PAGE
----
Award-winning author and radio personality Ellen Kushner’s inspired retelling of an ancient legend weaves myth and magic into a vivid
contemporary novel about the mysteries of the human heart. Brimming with ballads, riddles, and magical transformations, here is the timeless tale of a charismatic bard whose talents earn him a two-edged otherworldly gift.
A minstrel lives by his words, his tunes, and sometimes by his lies. But when the bold and gifted young Thomas the Rhymer awakens the desire of the powerful Queen of Elfland, he finds that words are not enough to keep him from his fate. As the Queen sweeps him far from the people he has known and loved into her realm of magic, opulence—and captivity—he learns at last what it is to be truly human. When he returns to his home with the Queen’s parting gift, his great task will be to seek out the girl he loved and wronged, and offer her at last the tongue that cannot lie.
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|Title of Mystery & Detective eBook: Thomas the Rhymer|
|Release Date: 12-18-2007|
|Allowed Countries (hover)|
|Publisher: Bantam Books|
This eBook download is available in the following formats:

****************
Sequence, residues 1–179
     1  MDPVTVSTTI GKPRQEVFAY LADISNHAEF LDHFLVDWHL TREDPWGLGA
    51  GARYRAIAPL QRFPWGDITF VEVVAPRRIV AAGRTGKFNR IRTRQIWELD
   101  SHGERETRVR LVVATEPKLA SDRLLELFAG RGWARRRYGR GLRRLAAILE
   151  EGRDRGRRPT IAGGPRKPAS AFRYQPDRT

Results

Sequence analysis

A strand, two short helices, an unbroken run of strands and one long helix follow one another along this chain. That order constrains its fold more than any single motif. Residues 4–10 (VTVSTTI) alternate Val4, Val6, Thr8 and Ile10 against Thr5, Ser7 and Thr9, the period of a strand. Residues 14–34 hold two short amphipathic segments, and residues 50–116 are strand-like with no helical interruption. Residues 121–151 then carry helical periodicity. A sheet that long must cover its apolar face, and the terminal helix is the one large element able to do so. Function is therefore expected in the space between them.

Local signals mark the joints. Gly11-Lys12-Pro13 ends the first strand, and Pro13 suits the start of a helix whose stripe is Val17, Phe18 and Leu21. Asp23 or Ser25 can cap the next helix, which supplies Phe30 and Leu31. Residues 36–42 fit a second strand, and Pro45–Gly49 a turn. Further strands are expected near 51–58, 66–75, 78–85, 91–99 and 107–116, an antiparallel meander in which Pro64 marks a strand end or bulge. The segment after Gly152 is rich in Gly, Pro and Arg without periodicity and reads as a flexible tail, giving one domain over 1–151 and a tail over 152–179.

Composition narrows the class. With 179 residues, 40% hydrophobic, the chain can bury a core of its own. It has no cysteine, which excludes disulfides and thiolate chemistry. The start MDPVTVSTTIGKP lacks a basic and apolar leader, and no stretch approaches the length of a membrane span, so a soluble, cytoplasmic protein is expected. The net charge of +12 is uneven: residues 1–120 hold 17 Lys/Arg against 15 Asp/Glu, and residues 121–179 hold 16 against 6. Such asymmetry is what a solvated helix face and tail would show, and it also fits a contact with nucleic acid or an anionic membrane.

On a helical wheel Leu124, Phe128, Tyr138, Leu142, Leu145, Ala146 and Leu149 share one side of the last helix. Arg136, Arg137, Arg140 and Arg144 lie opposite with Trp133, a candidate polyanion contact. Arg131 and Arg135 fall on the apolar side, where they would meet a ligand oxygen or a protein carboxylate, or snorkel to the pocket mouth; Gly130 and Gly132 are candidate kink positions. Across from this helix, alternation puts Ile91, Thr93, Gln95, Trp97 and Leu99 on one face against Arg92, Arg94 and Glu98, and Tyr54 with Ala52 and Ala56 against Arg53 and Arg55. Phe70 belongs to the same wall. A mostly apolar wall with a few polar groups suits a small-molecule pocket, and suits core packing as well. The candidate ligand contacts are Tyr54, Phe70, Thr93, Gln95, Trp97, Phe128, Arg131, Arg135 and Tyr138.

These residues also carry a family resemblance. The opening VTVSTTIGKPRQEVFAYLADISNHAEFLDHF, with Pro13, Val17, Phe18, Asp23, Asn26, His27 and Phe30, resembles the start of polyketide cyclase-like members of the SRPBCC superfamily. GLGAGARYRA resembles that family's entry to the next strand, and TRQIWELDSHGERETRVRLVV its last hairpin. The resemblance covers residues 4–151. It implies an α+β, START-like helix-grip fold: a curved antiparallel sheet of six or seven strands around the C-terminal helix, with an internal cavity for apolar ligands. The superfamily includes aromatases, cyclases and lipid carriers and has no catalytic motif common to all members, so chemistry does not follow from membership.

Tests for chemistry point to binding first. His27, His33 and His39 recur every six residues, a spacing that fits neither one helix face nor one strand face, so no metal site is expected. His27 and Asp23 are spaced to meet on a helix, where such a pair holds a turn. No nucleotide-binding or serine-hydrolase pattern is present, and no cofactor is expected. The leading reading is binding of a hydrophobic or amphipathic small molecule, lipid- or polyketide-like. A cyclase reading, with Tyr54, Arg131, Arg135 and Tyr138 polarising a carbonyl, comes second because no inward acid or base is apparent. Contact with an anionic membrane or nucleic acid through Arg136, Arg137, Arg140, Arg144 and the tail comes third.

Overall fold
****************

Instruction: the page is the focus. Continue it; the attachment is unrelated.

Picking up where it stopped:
|Parent title||Thomas the Rhymer|
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Thomas the Rhymer
I'm not a teller of tales, not like the Rhymer. My voice isn't smooth, nor my tongue quick. I know a few tunes, everyone does, but nothing like his: from me you'll never hear songs of gentle maidens fording seven rivers for their false lover so bittersweet as to make the hardest old soldiers weep; nor yet merry ones of rich misers tricked out of their gold, with the twist of a word and a jest so neatly turned that the meanest old uncle that ever pinched a dowry still laughs without offense. Well, it's a power, surely, that music and those words, and I just haven't got it.
Not that I'm sure I'd take it, even if it were offered me. One of Tom's very tales is of Jock of the Knowe, that was coming home from Mellerstain Fair with a long face, for he'd walked all that way with his old shorthorned cow to sell at the fair, but not a man would have her. So here's Jock returning to his goodwife with no money nor goods, and winter coming on. Jock's going on down Mellerstain road with his cow, and he starts in railing at her, in a temper, like: "What wouldn't I give to be quit of you, and good money in my purse?"
Well, just then he sees a cloaked man by the side of the road. And the man says, "Good even to you, Jock of the Knowe. And how's the milk from your shorthorned cow?"
Taking the stranger for some man from the fair, Jock answers, "Why, this cow gives half cream and half honey. And if she gives one bucket at morning, she gives two at evening."
They fall to bargaining over the price of the cow. It seems to Jock that anyone wandering the roads after the fair in search of a cow must be in a hard case, so he's setting the price high. Then